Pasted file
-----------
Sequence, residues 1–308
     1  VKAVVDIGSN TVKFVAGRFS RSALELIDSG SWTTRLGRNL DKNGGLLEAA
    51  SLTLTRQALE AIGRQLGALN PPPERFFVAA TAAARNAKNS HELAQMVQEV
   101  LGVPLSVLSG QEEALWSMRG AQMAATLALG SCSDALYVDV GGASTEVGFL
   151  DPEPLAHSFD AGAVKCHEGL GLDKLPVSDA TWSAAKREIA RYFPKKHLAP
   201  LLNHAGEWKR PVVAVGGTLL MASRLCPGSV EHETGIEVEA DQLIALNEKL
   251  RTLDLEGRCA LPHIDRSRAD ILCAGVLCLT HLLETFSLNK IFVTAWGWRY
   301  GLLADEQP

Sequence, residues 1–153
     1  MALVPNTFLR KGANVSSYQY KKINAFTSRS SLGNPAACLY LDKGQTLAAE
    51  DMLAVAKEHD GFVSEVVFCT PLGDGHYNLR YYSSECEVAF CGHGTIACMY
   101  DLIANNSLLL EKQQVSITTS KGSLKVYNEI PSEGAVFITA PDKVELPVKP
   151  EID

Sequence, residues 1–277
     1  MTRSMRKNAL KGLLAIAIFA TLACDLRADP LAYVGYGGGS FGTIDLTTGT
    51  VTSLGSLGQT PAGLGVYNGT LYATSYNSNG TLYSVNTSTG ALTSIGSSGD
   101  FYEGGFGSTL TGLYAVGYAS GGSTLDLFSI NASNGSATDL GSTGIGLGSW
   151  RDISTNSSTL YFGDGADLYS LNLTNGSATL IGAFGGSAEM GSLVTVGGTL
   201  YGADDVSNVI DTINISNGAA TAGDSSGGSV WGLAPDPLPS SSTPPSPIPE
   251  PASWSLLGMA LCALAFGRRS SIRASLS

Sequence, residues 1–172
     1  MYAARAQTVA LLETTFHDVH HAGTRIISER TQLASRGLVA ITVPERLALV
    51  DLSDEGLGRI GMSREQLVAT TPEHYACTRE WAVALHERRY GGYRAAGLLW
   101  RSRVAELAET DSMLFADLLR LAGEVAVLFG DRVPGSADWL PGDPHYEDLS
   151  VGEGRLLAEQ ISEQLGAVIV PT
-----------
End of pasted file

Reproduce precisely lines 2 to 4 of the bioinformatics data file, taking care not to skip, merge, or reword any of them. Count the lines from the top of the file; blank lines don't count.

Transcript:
     1  VKAVVDIGSN TVKFVAGRFS RSALELIDSG SWTTRLGRNL DKNGGLLEAA
    51  SLTLTRQALE AIGRQLGALN PPPERFFVAA TAAARNAKNS HELAQMVQEV
   101  LGVPLSVLSG QEEALWSMRG AQMAATLALG SCSDALYVDV GGASTEVGFL